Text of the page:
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EPA and Freddie Mac aim to cut multifamily building pollution.

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February 10, 2014 - Agreement signed between EPA's Energy StarŽ program and Freddie Mac will help cut carbon pollution while increasing affordability of multifamily housing properties. Memorandum of understanding outlines key strategies to make multifamily housing more affordable by encouraging building owners and tenants to benchmark their energy and water performance as well as take steps to improve efficiency.

EPA and Freddie Mac to Cut Carbon Pollution and Increase Affordability of Multifamily Buildings


Environmental Protection Agency (EPA)
Ariel Rios Building
Washington, DC, 20460
USA



Press release date: January 30, 2014

WASHINGTON – The U.S. Environmental Protection Agency (EPA)’s Energy Star program and Freddie Mac have signed an agreement that will help to cut carbon pollution while increasing the affordability of multifamily housing properties. The agreement outlines strategies to save water, energy and money for multifamily property owners and residents.

“Boosting energy and water efficiency not only saves money and makes these properties a better investment for owners and more affordable for families who live there -- it is also an important step in the President’s commitment to fighting climate change by cutting energy waste in our nation’s buildings,” said Janet McCabe, acting assistant administrator for EPA’s Office of Air and Radiation. “By making it easier to secure financing for energy efficiency investments and providing data about energy use and efficiency opportunities, these strategies will create lasting environmental and public health benefits while making multifamily buildings more efficient and valuable.”

"Freddie Mac is proud to partner with the EPA in this effort,” said Mitchell Resnick, Freddie Mac Multifamily vice president of loan pricing and securitization. “As one of the largest Commercial Mortgage-Backed Securities (CMBS) issuers in the country, we are looking to guide the industry and the CMBS market towards a greater sensitivity to environmentally responsible lending and investing. This partnership is the first of what we hope are many steps in that direction. We are looking at how energy efficiency improves the financial viability of the apartments we finance, and most importantly its impact on the affordability of rental housing."

Roughly one-third of Americans live in apartments within multifamily buildings, spending approximately $22 billion on energy every year. Rising energy costs are contributing to the decline in affordability for many of these Americans. Housing industry studies have projected that multifamily properties can become 30 percent more efficient by 2020, unlocking $9 billion in energy savings and preventing more than 35 million metric tons of greenhouse gas emissions per year.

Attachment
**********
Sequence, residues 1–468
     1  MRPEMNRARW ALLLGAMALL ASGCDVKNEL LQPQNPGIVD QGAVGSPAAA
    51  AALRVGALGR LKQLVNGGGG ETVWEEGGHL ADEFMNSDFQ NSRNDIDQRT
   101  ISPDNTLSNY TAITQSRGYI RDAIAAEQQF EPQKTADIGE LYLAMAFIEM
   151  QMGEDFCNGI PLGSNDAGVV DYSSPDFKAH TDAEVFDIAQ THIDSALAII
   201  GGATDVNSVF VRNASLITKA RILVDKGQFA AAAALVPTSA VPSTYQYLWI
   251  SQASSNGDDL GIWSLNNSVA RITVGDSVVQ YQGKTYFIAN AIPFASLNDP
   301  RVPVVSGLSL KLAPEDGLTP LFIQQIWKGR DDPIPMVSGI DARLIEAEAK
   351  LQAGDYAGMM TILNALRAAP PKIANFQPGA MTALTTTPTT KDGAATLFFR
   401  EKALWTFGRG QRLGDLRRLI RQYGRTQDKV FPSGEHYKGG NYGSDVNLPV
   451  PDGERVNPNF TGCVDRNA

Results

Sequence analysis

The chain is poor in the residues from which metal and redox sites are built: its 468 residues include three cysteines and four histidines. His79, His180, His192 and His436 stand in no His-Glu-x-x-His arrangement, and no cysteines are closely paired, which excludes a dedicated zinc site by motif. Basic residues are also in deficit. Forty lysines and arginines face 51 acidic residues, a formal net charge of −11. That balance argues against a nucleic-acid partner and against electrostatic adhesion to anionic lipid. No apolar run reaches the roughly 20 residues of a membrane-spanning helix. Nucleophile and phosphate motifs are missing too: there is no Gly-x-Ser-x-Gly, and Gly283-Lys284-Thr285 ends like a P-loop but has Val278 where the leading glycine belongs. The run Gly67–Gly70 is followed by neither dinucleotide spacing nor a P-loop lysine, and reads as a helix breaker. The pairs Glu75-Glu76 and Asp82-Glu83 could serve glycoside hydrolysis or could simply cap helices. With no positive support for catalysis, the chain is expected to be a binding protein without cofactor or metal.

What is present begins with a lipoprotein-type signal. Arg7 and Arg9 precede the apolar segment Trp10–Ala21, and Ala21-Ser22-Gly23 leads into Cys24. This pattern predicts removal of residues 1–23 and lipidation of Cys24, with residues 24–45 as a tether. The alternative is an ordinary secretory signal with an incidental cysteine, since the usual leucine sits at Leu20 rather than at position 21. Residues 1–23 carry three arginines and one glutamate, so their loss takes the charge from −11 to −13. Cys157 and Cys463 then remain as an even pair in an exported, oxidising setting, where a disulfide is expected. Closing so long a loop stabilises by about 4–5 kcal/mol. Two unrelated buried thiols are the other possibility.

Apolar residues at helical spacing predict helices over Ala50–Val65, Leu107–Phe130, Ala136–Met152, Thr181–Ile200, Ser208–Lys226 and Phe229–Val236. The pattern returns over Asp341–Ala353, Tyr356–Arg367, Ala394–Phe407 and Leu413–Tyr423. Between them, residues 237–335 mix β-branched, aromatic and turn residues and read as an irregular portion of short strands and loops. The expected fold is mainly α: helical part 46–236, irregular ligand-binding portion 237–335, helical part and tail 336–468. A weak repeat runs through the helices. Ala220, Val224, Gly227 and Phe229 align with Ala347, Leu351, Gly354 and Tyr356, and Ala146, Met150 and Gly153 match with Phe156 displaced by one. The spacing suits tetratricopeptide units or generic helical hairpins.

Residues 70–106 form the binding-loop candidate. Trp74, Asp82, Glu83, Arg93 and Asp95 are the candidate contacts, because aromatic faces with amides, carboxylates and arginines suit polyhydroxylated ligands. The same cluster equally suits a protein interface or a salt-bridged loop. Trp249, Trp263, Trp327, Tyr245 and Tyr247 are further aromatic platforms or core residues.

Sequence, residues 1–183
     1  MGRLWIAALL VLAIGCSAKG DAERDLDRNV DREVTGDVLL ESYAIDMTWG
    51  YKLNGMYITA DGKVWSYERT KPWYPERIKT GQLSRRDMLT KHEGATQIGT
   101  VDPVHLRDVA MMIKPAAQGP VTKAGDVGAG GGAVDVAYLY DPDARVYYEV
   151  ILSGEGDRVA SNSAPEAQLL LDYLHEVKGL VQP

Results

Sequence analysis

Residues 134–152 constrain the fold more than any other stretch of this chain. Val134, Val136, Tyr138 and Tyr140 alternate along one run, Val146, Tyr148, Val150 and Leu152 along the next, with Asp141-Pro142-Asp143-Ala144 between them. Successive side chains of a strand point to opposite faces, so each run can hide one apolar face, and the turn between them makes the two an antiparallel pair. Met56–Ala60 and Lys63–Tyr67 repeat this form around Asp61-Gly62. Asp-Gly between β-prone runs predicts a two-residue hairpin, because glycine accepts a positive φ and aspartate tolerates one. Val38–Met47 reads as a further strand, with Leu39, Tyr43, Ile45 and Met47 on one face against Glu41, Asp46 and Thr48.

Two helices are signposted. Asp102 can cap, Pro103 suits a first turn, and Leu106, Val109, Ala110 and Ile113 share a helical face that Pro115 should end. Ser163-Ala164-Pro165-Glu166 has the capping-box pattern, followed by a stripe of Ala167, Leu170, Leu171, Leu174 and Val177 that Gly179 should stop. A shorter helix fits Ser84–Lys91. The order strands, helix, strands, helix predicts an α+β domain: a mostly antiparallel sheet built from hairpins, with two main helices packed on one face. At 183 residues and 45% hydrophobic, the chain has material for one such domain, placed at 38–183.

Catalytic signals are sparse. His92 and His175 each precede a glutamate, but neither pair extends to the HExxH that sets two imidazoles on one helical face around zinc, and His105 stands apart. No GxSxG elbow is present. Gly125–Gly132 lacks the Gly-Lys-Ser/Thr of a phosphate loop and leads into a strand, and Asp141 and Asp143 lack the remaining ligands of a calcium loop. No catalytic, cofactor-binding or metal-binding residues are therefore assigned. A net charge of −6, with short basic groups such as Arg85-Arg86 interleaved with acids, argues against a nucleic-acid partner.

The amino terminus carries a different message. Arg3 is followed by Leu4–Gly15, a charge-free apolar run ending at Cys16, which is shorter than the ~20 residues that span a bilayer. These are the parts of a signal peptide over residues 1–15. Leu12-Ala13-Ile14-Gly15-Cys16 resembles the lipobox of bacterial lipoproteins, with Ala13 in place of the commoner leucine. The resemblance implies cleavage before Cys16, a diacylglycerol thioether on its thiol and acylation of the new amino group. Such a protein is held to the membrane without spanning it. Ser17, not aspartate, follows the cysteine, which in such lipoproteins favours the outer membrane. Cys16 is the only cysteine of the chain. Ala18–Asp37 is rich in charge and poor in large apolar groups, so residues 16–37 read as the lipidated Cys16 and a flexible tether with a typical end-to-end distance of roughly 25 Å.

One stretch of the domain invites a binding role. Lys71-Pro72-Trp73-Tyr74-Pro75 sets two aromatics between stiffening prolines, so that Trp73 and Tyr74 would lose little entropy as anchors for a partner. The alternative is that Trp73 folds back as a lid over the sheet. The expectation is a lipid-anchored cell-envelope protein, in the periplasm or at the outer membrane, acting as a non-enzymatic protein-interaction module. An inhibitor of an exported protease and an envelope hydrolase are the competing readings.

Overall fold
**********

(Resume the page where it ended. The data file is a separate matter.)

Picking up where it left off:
In support of the President’s Climate Action Plan, this memorandum of understanding outlines key strategies to make multifamily housing more affordable by encouraging building owners and tenants to benchmark their energy and water performance and take steps to improve efficiency. Among those strategies:

- Freddie Mac will explore the collection of energy and water performance data from property owners during the loan underwriting and asset management processes.

- By demonstrating the financial value of energy and water efficiency to lenders and borrowers, Freddie Mac hopes to be able to influence lending practices in ways that encourage investments in energy efficiency and make multifamily housing units more affordable.

- EPA will assist Freddie Mac with these, and other, goals, by providing technical and educational support in the use of the Energy Star Portfolio ManagerŽ energy management and tracking tool as well as other Energy Star resources.

The President’s Climate Action Plan calls for helping multifamily buildings cut waste and becoming at least 20 percent more energy efficient by 2020. While EPA has already been working with Fannie Mae and the U.S. Department of Housing and Urban Development, this latest agreement with Freddie Mac is another critical step forward in meeting the President’s goal. Together, these three organizations influence the largest sources of residential and multifamily lending in the country.

Products, homes and buildings that earn the ENERGY STAR label prevent greenhouse gas emissions by meeting strict energy efficiency requirements set by the U.S. EPA. In 2012 alone, Americans, with the help of ENERGY STAR, saved $26 billion on their utility bills and prevented greenhouse gas emissions equal to the annual electricity use from 35 million homes. From the first ENERGY STAR qualified computer in 1992, the ENERGY STAR label can now be found on products in more than 70 different categories, with more than 4.5 billion sold over the past 20 years. Over 1.4 million new homes and 20,000 office buildings, schools and hospitals have earned the ENERGY STAR label.

More information on EPA’s ENERGY STAR buildings program: www.energystar.gov/buildings

More Information on Freddie Mac: www.FreddieMac.com
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